NEW DELHI: The emotive Ram Janmabhoomi-Babri Masjid Dispute will be decided as any other land dispute based on evidence on record, the Supreme Court said on Thursday as it endeavoured to scale down passions and tensions generated by the 70-year-old conflict.
A packed courtroom awaited Chief Justice Dipak Misra and Justices Ashok Bhushan and S Abdul Nazeer to assemble at 2pm to hear the Ayodhya case. On December 5, feverish arguments were raised by three senior advocates — Kapil Sibal, Dushyant Dave and Rajeev Dhavan — seeking adjournment of the case to July 2019, that is after the next general elections. Sibal and Dave were absent during Thursday’s proceedings.
To prevent passions from trumping legal arguments, the bench said, “Whatever be the case, it is after all a land dispute. There are appeals and cross-appeals (against the Allahabad HC judgment on title suits) from both sides. We will decide it as a land dispute taking into account the evidence on record and after hearing both sides.”
What the bench appeared to be attempting was to divest the heated dispute over ownership of the 2.77 acre core site of political considerations by making it clear that cases be settled on evidence and not a long history attached to them or inherent communal overtones. But the court found that despite its December 5 order, the pleadings were not yet complete to allow the case to be ripe for commencement of hearing.
Appearing for lead petitioner M Siddiq, counsel Ejaz Maqbool, and counsel for Ram Lalla (idol), senior advocate C S Vaidyanathan, coordinated seamlessly over exchange of documents, English translations of extracts from books quoted in the suits and getting copies of two videos on the disputed site attached to the original records of the case brought from Allahabad HC. The SC asked the parties to complete the process in two weeks and posted the matter for hearing on March 14.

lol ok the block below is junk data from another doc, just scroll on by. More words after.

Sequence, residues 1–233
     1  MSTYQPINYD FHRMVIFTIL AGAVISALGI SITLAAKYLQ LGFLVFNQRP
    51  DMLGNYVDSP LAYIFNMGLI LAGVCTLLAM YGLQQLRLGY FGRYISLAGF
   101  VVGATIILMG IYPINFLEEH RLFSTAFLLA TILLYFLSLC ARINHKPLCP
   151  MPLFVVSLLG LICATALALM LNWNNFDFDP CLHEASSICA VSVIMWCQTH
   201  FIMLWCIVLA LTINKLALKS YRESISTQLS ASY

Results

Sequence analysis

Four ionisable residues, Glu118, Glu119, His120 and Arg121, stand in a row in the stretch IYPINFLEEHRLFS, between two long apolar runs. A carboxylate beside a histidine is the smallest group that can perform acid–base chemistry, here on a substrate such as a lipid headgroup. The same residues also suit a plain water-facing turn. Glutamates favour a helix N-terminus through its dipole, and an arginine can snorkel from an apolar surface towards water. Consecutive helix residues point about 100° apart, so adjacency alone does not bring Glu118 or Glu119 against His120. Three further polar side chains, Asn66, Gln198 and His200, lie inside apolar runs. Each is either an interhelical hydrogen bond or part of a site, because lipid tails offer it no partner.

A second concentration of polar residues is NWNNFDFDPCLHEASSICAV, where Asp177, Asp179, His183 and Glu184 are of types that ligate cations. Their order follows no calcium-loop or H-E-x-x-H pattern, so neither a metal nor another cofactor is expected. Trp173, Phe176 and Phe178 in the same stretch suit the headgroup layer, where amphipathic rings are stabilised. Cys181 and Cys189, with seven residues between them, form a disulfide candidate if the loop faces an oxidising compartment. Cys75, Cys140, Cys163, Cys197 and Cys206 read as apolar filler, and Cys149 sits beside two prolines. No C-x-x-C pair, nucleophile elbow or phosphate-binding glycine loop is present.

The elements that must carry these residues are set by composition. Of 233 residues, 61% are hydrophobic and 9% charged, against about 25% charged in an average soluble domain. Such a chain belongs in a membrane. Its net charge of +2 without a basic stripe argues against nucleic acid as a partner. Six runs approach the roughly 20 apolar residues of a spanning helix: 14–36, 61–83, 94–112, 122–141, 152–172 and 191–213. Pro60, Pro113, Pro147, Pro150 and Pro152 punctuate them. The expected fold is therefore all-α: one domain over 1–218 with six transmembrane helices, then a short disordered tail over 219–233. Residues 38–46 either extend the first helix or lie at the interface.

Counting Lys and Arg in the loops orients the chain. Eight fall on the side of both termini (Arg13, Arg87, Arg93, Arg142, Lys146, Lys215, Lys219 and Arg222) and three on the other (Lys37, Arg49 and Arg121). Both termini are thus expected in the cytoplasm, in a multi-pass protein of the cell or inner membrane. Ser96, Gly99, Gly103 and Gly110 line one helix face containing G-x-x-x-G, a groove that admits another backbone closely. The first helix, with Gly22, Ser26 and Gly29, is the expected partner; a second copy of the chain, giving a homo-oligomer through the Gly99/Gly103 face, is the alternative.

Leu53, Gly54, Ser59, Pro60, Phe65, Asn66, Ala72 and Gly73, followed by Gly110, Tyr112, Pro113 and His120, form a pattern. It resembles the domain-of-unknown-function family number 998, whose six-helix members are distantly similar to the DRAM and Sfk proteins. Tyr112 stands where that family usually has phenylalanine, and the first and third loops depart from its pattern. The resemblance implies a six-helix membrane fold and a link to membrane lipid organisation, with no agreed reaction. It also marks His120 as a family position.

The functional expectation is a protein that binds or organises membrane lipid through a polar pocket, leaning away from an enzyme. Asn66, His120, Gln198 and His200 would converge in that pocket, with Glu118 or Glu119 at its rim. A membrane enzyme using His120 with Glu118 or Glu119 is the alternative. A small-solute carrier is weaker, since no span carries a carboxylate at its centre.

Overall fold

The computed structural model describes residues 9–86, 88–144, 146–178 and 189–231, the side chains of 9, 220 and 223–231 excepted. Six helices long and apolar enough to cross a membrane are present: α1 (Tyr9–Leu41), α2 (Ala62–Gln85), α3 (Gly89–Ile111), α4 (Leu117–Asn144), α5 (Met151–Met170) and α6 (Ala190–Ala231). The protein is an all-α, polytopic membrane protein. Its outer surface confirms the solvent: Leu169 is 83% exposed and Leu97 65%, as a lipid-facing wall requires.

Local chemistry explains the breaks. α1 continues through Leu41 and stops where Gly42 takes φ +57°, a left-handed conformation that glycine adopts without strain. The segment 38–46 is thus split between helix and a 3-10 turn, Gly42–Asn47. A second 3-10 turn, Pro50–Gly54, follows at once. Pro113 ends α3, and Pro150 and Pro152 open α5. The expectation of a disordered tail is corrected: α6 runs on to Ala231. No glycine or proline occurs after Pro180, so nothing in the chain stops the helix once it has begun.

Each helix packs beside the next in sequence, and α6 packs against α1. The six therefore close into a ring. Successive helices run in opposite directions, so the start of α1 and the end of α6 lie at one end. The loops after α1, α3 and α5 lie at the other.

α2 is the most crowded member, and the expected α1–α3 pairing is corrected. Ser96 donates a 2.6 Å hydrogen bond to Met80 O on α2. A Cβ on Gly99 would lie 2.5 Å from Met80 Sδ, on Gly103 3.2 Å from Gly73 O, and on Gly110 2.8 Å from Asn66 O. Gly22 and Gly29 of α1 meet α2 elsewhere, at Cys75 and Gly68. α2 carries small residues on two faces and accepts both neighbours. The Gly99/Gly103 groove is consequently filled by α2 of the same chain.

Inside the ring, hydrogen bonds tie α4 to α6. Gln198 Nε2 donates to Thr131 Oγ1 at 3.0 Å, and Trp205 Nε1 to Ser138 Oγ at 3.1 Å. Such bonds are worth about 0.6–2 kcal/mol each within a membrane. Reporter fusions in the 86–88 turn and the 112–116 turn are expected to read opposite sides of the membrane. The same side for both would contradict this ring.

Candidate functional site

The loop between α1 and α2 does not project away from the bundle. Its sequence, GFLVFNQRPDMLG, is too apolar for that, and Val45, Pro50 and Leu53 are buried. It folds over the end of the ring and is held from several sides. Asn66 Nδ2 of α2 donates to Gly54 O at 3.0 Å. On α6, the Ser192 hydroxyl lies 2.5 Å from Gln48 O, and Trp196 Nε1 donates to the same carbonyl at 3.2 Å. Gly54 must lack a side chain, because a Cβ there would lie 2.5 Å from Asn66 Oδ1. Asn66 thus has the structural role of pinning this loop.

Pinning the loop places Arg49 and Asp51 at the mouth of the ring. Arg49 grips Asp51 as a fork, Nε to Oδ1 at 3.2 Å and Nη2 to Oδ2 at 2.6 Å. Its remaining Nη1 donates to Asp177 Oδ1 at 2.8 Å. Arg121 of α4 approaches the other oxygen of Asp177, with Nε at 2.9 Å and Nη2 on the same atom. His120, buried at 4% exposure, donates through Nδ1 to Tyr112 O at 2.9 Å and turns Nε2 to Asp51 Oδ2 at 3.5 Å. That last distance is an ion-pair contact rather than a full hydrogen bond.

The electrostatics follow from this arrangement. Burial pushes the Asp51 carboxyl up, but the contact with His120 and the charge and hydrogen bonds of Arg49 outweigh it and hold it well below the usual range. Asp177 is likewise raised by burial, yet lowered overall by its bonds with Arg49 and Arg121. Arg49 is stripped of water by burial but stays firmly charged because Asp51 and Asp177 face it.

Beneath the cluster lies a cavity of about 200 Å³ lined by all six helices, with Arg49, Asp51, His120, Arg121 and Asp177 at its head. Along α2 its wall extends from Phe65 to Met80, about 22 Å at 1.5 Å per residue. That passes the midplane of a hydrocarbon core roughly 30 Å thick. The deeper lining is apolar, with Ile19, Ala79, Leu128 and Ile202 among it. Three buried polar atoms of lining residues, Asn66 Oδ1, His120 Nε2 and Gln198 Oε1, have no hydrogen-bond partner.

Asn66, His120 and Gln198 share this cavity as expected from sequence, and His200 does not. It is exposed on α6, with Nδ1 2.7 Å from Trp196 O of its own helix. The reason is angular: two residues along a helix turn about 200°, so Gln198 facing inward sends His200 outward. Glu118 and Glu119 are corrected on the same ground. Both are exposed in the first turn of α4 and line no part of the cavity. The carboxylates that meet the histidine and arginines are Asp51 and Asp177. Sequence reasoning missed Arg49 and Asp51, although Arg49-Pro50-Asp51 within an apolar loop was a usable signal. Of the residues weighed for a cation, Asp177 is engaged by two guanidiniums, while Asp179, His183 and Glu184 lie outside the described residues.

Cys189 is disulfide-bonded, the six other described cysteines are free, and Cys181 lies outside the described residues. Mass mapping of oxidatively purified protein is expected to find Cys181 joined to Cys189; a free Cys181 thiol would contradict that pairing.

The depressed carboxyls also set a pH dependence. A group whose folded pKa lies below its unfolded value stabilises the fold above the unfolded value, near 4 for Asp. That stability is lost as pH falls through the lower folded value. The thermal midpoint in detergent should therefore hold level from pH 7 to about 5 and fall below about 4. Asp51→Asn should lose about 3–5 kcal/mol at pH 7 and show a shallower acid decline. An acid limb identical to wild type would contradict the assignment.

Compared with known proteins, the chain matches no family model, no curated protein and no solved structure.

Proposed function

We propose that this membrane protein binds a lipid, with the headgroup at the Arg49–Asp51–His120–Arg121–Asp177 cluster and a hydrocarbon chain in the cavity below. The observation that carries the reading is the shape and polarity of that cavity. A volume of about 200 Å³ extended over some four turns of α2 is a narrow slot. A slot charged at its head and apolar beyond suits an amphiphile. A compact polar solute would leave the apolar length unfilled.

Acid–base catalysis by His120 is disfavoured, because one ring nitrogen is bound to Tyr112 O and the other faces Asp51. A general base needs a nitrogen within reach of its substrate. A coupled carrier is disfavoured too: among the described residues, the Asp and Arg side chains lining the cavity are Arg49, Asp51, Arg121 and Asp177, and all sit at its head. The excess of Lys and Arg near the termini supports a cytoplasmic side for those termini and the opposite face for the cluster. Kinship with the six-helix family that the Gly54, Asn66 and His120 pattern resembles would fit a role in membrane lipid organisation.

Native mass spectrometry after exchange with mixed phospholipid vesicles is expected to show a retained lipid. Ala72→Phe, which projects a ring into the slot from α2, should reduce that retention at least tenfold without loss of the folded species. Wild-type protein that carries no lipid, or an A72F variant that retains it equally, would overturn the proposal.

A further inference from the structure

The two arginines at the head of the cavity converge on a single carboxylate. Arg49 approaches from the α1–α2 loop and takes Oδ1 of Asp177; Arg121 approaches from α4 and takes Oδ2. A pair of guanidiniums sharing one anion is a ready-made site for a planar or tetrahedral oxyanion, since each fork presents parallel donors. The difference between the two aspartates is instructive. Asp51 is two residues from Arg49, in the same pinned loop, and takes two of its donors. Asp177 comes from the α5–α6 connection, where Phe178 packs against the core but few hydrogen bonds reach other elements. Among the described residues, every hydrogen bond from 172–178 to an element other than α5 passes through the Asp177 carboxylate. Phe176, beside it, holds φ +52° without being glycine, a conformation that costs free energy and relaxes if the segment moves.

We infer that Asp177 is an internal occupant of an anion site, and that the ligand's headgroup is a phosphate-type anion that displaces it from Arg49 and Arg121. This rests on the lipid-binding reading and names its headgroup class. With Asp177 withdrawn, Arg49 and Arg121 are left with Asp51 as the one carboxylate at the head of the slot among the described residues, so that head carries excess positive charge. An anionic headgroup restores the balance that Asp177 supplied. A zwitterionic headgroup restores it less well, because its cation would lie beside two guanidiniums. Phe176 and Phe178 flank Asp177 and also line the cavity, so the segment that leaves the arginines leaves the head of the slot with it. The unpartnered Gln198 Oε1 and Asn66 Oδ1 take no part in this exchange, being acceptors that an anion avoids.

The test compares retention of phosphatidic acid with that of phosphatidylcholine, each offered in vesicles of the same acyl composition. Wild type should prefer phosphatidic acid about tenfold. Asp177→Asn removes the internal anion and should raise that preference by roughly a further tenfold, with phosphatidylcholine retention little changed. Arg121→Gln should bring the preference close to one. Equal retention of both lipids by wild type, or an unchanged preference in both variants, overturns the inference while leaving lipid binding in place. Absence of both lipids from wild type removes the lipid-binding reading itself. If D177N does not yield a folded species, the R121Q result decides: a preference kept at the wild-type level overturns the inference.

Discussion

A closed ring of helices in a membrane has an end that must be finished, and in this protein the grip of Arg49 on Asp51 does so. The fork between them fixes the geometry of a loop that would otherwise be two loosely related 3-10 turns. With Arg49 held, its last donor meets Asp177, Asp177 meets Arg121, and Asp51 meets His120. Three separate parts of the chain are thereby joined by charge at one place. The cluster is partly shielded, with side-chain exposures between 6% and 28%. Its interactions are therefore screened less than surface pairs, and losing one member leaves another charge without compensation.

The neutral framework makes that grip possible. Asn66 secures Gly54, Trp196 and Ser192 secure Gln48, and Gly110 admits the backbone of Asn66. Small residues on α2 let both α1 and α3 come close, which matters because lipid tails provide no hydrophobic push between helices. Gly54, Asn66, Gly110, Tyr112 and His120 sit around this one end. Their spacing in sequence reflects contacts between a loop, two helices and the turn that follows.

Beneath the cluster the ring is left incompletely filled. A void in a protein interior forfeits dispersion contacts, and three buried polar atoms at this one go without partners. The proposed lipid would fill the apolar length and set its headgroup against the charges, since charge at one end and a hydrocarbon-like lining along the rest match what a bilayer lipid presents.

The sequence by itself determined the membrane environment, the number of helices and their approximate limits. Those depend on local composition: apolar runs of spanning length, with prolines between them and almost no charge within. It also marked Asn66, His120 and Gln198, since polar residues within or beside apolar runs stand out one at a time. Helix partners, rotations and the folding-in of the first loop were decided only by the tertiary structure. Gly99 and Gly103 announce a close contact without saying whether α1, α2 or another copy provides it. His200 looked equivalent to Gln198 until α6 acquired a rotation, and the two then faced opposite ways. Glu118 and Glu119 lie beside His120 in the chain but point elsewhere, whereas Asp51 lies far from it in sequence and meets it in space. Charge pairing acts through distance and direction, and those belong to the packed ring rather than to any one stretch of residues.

Siddiq’s other counsel, senior advocate Rajeev Dhavan, created a flutter at the end of a peaceful hearing by snubbing Vaidyanathan’s suggestion for exchange of possible line of arguments by parties before the day to day hearing. Dhavan termed the case “important not only for India but for the world” and said he would argue the way he wanted to and not tell the other side what line he would take.
Described as the “most important case of the last century”, a three-judge HC bench on September 30, 2010, had by two-to-one majority decided title suits, one of which dated back to 1949, and divided the disputed site in three equal parts among Ram Lalla deity, Sunni Wakf Board and Nirmohi Akhara, while ruling that all three would be title holders over the land.
The HC had said the portion under the central dome of the demolished three-dome structure, where the idol of Ram Lalla was kept in a makeshift temple, was the birthplace of Lord Rama “as per faith and belief of the Hindus”. Nirmohi Akhara was allotted the area which housed Ram Chabutra and Sita Rasoi and the remaining area was given to Sunni Wakf Board.
Source : timesofindia